Kazimir Malevich, Suprematism, 1913
Lucien Freud, Portrait of a Man, 1954
Kazimir Malevich, Red Square (Painterly Realism of a Peasant Woman in Two Dimensions), 1915
Helen Grace, Serious Undertakings, 1983
Polio Patients in Iron Lung Respirators
Although, I can't remember exactly where I saw it, Walt Disney's ground-breaking film The Living Desert (1953) has had an impact on my work and, perhaps, even my personality, although I'm not sure how. In 1953, it's 69 minutes transfixed me.
I also vividly remember the closing of schools and swimming pools because of the polio epidemic in New Zealand in 1948. The virus attacked children sometimes overnight, quietly and often with little more than a slight hint of unwellness. The photographs of the victims in primitive iron lungs, their heads protruding, paint brushes clenched in their teeth — these images terrified me.
Now I want to photograph heart-lung machines. My very last wish immediately before a heart operation last year, before the anaesthetist stopped my heart and put me into a death-like state, was to photograph that beautiful, clever machine, sitting there at my bedside ready to do its work. I have talked to the hospital; there is a possibility that I will be given access to it, this time camera in hand.
Diego Velázquez, The Toilet of Venus, 1647-51
Alexandra Bachzetsis is based in Basel and Zurich, Switzerland. A Piece Danced Alone will be performed at Art Stations Foundation, Poznań, Poland, on 17 October and From A to B via C at Centre Pompidou and Centre Culturel Suisse, Paris, France, on 23 and 24 October.
Sigmar Polke, Reiherbild VI, 1969
In a recent exhibition I curated for Nottingham Contemporary and Tate Liverpool, entitled ‘Encounters and Collisions’, I juxtaposed two paintings by the artist Beauford Delaney. One work from the mid-1950s depicts his great friend and supporter, the writer James Baldwin, of whom Delaney made many tender portraits. The other was Untitled (c.1958), a lyrical abstraction in creamy yellow and ochre brush strokes. Born in Knoxville, Tennessee, in 1901, moving to Greenwich Village in 1929 and then to Paris in 1953, Delaney spent his artistic career pursuing the truths that lay behind the world of appearances. His portraits of friends and lovers, and his investigations into the spiritual aspects of light and colour, converged in the paintings he produced in France, a country which served as a refuge for many African-American artists and writers seeking to ease the bite of American racism after the end of World War II.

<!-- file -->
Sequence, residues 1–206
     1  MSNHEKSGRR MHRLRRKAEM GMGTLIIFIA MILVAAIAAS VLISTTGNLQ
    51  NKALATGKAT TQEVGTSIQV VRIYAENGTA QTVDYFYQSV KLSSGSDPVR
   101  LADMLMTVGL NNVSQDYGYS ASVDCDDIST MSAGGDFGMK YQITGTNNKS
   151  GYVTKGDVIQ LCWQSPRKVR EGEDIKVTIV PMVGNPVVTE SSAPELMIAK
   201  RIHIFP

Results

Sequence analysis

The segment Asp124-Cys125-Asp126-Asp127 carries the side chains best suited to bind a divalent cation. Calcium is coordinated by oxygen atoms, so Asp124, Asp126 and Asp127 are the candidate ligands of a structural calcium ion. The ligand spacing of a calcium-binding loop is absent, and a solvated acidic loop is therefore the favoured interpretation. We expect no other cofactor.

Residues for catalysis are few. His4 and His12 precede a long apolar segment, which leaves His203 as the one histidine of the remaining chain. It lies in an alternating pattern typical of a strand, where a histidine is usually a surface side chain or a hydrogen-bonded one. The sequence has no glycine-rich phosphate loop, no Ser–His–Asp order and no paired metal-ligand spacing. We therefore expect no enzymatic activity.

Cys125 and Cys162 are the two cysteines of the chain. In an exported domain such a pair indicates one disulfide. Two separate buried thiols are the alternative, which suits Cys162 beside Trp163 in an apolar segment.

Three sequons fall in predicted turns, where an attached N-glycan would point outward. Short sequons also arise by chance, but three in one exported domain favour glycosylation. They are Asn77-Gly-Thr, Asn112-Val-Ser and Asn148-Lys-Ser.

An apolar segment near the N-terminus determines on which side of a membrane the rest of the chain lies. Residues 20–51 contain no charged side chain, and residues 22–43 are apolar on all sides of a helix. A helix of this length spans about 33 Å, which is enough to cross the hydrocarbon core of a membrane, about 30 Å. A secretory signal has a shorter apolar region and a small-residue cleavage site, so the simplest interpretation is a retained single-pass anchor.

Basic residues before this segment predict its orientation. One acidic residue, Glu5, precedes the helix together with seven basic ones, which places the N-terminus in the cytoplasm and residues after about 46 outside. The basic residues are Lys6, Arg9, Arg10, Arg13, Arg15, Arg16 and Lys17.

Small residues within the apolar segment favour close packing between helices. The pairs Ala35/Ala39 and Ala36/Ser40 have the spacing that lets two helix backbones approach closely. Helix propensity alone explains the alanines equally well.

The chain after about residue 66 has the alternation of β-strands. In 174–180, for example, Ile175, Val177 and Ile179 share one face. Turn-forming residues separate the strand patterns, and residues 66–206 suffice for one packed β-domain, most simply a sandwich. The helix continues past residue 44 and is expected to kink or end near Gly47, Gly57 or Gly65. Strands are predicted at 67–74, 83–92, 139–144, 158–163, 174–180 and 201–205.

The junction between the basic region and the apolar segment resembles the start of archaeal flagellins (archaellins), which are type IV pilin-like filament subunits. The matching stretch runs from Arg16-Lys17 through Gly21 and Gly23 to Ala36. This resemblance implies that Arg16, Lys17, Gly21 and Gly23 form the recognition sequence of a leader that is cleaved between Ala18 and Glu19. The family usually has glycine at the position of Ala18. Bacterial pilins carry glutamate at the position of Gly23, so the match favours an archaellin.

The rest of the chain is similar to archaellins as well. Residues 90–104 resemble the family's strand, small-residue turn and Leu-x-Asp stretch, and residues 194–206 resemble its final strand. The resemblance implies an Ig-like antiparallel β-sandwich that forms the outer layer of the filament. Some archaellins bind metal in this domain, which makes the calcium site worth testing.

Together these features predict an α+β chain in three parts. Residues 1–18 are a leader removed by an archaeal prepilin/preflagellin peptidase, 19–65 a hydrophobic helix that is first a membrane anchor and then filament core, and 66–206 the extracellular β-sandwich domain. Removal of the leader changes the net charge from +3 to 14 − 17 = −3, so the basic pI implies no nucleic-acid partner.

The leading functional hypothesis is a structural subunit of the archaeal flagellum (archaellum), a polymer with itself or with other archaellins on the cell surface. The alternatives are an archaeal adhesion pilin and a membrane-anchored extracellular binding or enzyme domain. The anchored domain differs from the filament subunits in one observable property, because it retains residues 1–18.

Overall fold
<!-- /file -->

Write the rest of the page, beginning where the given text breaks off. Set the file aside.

I count Delaney and Baldwin as two of my many queer predecessors. I love Delaney’s indifference to the division between various modes of painting and his unflagging optimism, and I love Baldwin’s fierce critiques of American culture and society and his belief in the world-altering power of the bonds of love. My coaldust paintings, which use passages from Baldwin’s seminal essay ‘Stranger in the Village’ (1953), reference both men and, as Delaney did, attempt to blur the line between the figurative and the abstract.
Baldwin wrote of Delaney: ‘The darkness of Beauford’s beginnings, in Tennessee, many years ago, was a black-blue midnight indeed, opaque and full of sorrow. And I do not know, nor will any of us ever really know, what kind of strength it was that enabled him to make so dogged and splendid a journey.’ I hope, when I am gone, someone will say that my journey was a dogged and splendid one too.’
Chris Martin’s show at Anton Kern last year was as good a show as any I’d seen all season. I like the fact that his work isn’t hooked into one style; he has three different approaches going on at once.
His painting technique is like a traditional abstract expressionist’s: it is consummate, and there are very few people who can paint nearly that well.
The size and scale are great, and everything has a lot of substance.
There was a painting like a Malevich that I thought was fabulous.
I also thought, ‘Gee, that’s the best I’ve seen anyone use glitter.’ It takes the paintings and makes them contemporary. Usually, glitter is in a contained area. Chris Martin uses it like weights and it spreads: these were the most radical of his paintings.
All in all, I thought it was a terrific exhibition in regard to how masterfully he handles size and scale. I look forward to seeing his next show.
Alex Katz lives in New York, USA. This year, he has had solo shows at Gavin Brown’s Enterprise, New York, and the High Museum of Art, Atlanta, USA. ‘Brand-New & Terrific: Alex Katz in the 1950s’ is at the Colby College Museum of Art, Waterville, USA, until 18 October. ‘Alex Katz: This Is Now’ will run at the Guggenheim Bilbao, Spain, from 23 October until 7 February 2016.
First published in Issue 4